Some tax changes to be aware of
Your Tax Preparer
January 8, 2022
It's been an interesting year with important tax changes that will impact you. Here are some of the changes and issues you need to know about.
Tax return due dates:
• Individuals must file returns by April 18, 2022, for the 2021 tax year;
• Partnerships must file returns by the 15th day of the third month following the close of the taxable year (March 15 for calendar-year taxpayers);
• C corporation returns are generally due by the 15th day of the fourth month following the close of the taxable year (April 15 for calendar-year taxpayers);
• S corporation returns will remain due by the 15th day of the third month of the taxable year (March 15 for calendar-year taxpayers); and
• W-2s and 1099s must be filed by Jan. 31, 2022, for the 2021 tax year.
Stimulus payments: The American Rescue Plan Act, which was passed into law in March 2021, authorized a third round of stimulus payments (also referred to as economic impact payments) that were issued to many taxpayers.
People who received an economic impact payment should have received IRS Notice 1444-C. Your Economic Impact Payment, notifying them of the amount of the payment they should have received. The maximum payment was $1,400 per taxpayer, spouse, and dependent.
Advanced child tax credits: Starting in July 2021, the IRS began sending Advanced Child Tax Credit payments to those who qualify to claim the Child Tax Credit on their 2021 income tax returns. The Child Tax Credit we are able to claim on your 2021 income tax return will be reduced by the amount of any advanced payments you received.
The IRS will send Letter 6419 to taxpayers in January 2022 reminding them of the number of advanced payments they received. You will need to provide us with a copy of the notice so that we can properly calculate the Child Tax Credit you are eligible to receive on your 2021 income tax return.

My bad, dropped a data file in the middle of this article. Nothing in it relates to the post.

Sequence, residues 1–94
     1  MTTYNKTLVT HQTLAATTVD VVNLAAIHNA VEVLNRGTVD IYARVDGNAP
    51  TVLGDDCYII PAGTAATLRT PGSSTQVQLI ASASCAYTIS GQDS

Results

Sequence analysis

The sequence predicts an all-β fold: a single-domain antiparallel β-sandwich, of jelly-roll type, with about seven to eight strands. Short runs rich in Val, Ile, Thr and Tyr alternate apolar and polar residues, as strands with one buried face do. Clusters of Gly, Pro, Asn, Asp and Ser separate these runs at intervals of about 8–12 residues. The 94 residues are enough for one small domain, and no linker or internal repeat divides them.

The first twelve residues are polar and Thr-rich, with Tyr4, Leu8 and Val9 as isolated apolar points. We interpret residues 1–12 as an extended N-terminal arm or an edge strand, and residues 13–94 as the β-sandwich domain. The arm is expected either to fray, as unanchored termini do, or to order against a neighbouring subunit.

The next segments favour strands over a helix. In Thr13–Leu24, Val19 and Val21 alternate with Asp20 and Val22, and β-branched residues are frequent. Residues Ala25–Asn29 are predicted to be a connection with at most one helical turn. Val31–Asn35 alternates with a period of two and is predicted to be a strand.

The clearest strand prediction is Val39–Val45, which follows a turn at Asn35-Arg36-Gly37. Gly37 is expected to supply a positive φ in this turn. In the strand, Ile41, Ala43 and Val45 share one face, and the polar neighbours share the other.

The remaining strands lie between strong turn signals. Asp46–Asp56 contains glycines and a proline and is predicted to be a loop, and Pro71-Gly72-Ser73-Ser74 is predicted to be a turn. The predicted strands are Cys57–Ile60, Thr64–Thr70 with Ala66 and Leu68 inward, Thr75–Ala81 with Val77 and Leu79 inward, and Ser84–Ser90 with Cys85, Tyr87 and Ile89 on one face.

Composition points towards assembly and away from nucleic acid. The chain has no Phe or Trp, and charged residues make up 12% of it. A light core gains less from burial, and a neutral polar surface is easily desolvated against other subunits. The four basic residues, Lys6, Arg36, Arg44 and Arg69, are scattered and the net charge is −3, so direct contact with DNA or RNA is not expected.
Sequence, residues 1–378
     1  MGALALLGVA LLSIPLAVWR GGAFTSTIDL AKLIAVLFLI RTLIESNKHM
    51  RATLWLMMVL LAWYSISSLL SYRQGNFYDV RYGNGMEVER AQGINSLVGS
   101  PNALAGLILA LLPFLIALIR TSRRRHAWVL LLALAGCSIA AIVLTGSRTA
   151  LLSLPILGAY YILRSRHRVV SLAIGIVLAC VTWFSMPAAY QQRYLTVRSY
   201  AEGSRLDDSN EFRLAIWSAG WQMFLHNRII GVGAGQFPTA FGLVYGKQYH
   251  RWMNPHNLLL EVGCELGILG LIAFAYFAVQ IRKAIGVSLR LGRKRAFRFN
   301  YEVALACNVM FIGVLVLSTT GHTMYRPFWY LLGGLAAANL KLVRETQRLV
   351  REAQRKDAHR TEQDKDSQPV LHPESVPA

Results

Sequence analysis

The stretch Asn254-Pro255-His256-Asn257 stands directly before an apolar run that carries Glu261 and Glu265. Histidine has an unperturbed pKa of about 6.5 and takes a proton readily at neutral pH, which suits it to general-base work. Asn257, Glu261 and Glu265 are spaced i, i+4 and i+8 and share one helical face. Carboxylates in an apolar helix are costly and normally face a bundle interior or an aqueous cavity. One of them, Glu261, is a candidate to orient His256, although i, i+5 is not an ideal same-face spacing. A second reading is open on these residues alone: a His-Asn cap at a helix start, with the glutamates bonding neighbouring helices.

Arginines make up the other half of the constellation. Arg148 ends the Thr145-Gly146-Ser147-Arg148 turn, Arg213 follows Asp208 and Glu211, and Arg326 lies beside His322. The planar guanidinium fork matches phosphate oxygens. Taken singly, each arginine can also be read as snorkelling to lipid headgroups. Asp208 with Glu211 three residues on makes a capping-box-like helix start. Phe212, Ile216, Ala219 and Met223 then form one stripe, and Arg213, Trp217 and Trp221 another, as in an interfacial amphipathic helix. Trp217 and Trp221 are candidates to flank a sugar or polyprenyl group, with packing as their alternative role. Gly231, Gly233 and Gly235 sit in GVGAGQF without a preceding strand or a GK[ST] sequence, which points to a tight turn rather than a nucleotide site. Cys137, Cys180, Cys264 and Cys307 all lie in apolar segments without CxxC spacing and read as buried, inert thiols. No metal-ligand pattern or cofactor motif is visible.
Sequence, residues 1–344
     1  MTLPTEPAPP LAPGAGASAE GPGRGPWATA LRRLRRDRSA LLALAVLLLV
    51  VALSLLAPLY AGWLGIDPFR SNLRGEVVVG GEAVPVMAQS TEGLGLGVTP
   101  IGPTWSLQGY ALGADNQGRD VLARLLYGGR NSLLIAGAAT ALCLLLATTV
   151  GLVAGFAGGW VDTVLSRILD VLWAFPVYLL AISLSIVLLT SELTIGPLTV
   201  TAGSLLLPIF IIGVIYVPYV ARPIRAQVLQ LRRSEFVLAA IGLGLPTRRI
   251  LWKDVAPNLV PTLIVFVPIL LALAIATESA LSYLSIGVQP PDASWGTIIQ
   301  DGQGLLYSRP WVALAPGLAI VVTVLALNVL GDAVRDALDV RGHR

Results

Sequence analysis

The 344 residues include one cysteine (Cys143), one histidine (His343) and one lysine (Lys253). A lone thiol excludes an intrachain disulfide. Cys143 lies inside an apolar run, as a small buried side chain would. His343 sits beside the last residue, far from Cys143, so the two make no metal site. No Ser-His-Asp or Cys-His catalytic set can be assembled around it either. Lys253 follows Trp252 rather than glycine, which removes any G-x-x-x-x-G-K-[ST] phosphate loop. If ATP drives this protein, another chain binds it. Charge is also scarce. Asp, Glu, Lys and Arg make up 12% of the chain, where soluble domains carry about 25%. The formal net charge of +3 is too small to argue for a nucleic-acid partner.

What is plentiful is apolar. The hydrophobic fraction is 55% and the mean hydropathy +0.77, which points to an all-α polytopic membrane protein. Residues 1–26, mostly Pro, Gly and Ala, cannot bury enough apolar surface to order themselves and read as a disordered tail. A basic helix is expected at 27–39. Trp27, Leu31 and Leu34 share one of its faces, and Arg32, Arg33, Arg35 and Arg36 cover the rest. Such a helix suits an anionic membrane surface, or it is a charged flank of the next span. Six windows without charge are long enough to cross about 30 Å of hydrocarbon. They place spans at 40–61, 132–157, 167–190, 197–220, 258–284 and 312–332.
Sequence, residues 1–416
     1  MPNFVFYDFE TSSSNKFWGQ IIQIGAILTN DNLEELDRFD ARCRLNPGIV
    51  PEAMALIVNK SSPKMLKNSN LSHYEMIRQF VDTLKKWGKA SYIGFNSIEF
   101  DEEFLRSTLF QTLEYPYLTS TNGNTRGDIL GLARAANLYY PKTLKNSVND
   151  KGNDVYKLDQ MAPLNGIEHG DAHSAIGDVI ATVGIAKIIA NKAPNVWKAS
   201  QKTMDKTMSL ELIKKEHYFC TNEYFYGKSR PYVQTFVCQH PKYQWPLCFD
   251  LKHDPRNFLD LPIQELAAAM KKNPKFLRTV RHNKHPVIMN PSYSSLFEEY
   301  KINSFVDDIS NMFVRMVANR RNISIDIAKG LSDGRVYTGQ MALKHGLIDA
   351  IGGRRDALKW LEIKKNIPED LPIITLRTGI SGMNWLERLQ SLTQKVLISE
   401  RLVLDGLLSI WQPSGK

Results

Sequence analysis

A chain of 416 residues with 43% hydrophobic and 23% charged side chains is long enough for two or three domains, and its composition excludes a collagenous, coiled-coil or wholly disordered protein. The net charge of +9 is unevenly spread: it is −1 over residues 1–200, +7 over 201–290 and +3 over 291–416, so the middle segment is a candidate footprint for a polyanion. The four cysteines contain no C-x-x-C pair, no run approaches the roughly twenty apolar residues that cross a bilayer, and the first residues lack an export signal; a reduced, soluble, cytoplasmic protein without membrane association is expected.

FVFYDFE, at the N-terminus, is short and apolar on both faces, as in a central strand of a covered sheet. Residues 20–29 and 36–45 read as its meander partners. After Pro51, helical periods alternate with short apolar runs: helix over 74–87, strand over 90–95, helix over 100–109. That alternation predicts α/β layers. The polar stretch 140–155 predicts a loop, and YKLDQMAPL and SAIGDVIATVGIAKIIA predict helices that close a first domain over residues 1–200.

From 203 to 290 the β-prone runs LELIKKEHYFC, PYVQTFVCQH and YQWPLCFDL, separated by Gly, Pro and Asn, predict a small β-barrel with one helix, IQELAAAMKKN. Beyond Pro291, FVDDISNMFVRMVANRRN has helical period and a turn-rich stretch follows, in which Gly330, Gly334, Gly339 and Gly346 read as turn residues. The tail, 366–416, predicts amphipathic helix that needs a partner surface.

Virtual Currencies: The IRS has ramped up its enforcement of virtual currencies, such as bitcoin, most taxpayers who own virtual currencies fail to report their taxable transactions when filing their tax returns. The IRS is sending letters to tax payers with known virtual currencies accounts. The IRS requires taxpayers to affirmatively declare whether they are engaged in any virtual transactions. Intentionally failing to report taxable income can have severe consequences. Be sure to provide us this information.
Foreign accounts: You must report overseas assets owned by businesses as well as individuals. So, the reporting requirements are increasing and the penalties for failure to report continue to be harsh. Not all foreign holdings must be reported. If, for example, you hold stock in a foreign company through a U.S. broker, those holdings do not have to be separately reported. However, if you hold any other types of foreign assets, including bank accounts and securities accounts, please let us know. If you have any doubt as to whether any of your assets are foreign, please discuss those assets with your tax preparer. Again, this year you will need information on a business' foreign holdings as well.
There are many things going on in the tax world. We at Moats and Hebebrand are very prepared on the issues and can help you with them. Give us a call at (661) 822-1750.